Devs show Steam love as Pitchford defends his criticism


Just under two weeks ago, Gearbox Software's Randy Pitchford let out his less than pleasant feelings regarding digital distribution platform Steam and its owner, Valve Software. Today, Ars Techinca posted a rundown of developers from World of Goo's 2D Boy to Sam & Max's Telltale Games who all feel ... the exact opposite of Pitchford. "If this is exploitation, more please," Audiosurf creator Dylan Fitterer said.

According to Telltale CTO Kevin Bruner, "Steam may be one the greatest things to happen recently ... we put Steam as one of the A-list distribution channels; up there with XBLA and WiiWare." The praise doesn't stop there -- Ars points out that it was unable to find even one developer who would "admit to feeling exploited" by Valve's business practices concerning Steam.

We reached out to Pitchford, who told us, "As a gamer, I love Valve ... as a customer, I love Steam." He clarified, "From an industry perspective, Steam would be even better off if it were a separate company ... trust issues that result from conflict of interest could be mitigated." To Pitchford, it's a question of appearances rather than actual impropriety. "It's just perception within segments of the publishing and development community that, I guess, no one is really talking about."

We've posted Pitchford's entire (and quite lengthy) response after the break. Hopefully we're not alone in hoping everyone will just hug it out.
Randy Pitchford's statement:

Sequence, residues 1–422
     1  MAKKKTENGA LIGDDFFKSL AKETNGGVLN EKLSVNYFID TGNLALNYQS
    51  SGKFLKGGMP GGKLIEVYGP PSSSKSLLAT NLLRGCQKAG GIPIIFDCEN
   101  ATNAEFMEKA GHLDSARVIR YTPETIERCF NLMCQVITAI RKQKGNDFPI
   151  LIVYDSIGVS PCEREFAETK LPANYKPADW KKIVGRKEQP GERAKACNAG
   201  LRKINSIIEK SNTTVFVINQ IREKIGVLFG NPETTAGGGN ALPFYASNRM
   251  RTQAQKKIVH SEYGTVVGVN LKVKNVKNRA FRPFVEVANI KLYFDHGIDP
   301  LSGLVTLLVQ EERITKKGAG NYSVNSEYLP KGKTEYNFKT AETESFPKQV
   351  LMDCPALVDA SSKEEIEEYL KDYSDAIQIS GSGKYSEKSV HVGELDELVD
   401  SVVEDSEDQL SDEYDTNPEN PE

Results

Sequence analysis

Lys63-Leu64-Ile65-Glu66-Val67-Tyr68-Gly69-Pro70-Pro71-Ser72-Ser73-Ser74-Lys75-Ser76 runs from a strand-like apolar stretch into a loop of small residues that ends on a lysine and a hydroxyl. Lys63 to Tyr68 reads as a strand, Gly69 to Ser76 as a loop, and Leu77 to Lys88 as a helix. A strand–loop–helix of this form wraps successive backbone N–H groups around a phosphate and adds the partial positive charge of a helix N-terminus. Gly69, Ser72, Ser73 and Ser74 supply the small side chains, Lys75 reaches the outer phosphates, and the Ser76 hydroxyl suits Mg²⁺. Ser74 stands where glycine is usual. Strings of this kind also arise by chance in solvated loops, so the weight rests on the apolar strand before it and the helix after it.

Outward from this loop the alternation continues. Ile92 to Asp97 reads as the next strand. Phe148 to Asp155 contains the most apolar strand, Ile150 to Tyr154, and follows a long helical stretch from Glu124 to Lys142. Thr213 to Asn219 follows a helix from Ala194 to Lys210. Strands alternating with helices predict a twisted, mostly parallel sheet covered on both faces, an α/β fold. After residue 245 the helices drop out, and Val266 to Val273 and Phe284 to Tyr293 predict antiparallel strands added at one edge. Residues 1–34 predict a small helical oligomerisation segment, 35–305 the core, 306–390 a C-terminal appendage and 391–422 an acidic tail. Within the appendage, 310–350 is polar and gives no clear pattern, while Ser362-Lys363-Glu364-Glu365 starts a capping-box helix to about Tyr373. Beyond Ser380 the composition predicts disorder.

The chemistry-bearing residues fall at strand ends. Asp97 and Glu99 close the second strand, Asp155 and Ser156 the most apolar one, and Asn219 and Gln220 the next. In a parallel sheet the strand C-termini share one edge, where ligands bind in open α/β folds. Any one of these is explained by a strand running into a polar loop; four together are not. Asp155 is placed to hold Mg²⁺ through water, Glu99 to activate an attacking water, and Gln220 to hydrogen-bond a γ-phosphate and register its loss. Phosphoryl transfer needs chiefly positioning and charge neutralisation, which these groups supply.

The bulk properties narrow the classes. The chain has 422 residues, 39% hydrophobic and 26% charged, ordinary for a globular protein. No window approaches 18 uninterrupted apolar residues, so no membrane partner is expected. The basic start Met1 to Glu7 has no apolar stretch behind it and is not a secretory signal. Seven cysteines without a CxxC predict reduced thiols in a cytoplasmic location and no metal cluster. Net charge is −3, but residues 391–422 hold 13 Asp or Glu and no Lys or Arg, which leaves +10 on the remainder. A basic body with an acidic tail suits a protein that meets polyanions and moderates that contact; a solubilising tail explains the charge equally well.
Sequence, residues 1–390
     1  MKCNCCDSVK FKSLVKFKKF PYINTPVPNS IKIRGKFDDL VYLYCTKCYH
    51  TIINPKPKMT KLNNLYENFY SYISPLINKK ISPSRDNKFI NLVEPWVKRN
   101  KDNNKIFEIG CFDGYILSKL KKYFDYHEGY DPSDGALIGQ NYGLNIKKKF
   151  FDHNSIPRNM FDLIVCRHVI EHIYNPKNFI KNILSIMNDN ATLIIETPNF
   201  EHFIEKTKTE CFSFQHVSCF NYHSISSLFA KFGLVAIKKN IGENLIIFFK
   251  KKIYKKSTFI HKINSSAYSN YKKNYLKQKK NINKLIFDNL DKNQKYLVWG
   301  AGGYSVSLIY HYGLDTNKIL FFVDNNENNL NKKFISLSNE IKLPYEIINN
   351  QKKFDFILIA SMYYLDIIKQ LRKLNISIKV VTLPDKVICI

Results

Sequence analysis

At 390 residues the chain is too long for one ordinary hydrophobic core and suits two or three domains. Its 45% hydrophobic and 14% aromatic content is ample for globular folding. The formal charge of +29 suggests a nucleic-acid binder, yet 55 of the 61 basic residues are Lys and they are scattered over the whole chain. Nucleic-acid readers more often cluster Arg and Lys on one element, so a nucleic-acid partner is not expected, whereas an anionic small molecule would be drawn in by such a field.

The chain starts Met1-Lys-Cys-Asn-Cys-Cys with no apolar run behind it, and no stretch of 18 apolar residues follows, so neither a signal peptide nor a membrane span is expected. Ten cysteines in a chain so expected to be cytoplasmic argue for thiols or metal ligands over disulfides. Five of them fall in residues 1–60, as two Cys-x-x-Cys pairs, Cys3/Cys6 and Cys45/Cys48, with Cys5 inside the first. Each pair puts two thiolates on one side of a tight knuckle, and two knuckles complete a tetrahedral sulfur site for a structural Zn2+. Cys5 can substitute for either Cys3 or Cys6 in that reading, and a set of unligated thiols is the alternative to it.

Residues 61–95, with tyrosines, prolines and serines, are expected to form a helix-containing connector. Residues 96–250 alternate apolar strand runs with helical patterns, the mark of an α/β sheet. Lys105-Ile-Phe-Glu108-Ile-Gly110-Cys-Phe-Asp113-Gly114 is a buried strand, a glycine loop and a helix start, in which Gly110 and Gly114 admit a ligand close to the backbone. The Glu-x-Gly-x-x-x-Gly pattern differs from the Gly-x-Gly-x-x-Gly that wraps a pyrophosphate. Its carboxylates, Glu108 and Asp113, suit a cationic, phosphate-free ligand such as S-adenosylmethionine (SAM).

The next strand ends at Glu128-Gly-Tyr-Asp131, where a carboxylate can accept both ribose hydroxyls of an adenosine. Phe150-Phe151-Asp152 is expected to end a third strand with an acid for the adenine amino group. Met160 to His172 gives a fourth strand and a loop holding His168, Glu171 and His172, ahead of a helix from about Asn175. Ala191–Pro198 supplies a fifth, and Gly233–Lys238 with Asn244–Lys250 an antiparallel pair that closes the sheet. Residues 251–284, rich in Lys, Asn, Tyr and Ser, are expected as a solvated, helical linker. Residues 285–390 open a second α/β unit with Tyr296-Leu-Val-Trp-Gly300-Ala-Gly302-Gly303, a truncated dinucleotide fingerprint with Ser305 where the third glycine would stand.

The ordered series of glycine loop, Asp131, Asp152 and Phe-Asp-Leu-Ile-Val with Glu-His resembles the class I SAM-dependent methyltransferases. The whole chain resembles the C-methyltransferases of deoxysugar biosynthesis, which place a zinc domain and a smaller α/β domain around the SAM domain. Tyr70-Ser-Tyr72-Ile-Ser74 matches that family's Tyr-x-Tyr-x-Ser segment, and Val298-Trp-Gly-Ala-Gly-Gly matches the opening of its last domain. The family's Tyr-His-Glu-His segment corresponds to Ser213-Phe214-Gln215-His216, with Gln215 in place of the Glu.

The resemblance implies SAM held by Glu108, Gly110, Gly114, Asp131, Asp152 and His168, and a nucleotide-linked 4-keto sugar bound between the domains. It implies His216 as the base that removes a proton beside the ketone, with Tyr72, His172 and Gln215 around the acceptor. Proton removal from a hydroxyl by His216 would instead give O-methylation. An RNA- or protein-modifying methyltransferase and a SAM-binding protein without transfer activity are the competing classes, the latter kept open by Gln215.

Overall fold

"As a gamer, I *love* Valve's games. Hell, I've *made* some of Valve's games!

"As a customer, I love Steam. I like owning a credential that I can use from any terminal and I like the software. There are other things I like, too.

"As a businessman, I appreciate the access to Valve's customers that they are providing with Steam. I think there's value to that access. I'm really happy that the Brothers in Arms games are available on Steam and I think Steam customers are really going to dig Borderlands. I have been and hope to be a partner to Valve for many years.

"From an industry perspective of digital distribution on the PC, I think Steam is doing it the best right now. They're in front and they're really getting value out of their leadership position with digital distribution on the PC.

"From an industry perspective, I believe that Steam would be even better off if it were a separate company. Trust issues that result from conflict of interest could be mitigated if Steam were a separate company. Take that only as analysis. It doesn't matter how much I trust Valve or how trustworthy Valve actually is - it's just perception within segments of the publishing and development community that, I guess, no one is really talking about. I'm on record in this article saying how I personally trust Valve. I was attempting to comment on perception from some angles of the industry.

"I also believe that gamers and customers and anyone making games using 3rd party digital distribution systems would be greatly benefited if Steam had some viable competitors. Competition generally drives higher quality products and services at lower prices. I can't see how anyone could argue against that point. If we love Steam, we should hope that as competition appears that it prompts the Steam folks to go faster and better towards improving the service and the pricing.

"In spite of the implication made in this blurb, I do not want Microsoft to control digital distribution on PC, but believe they (and others) could enter the space if they wanted to and help the competitive landscape and even, perhaps, help to standardize the landscape a bit. I believe that because Valve is a game maker that generally "gets it" I think there's a lot of value to the position they have and I'm really excited about the risk they took and the foresight Valve showed in paving the way there.

"These are not mutually exclusive feelings and they are all honest and forthright."

This article was originally published on Joystiq.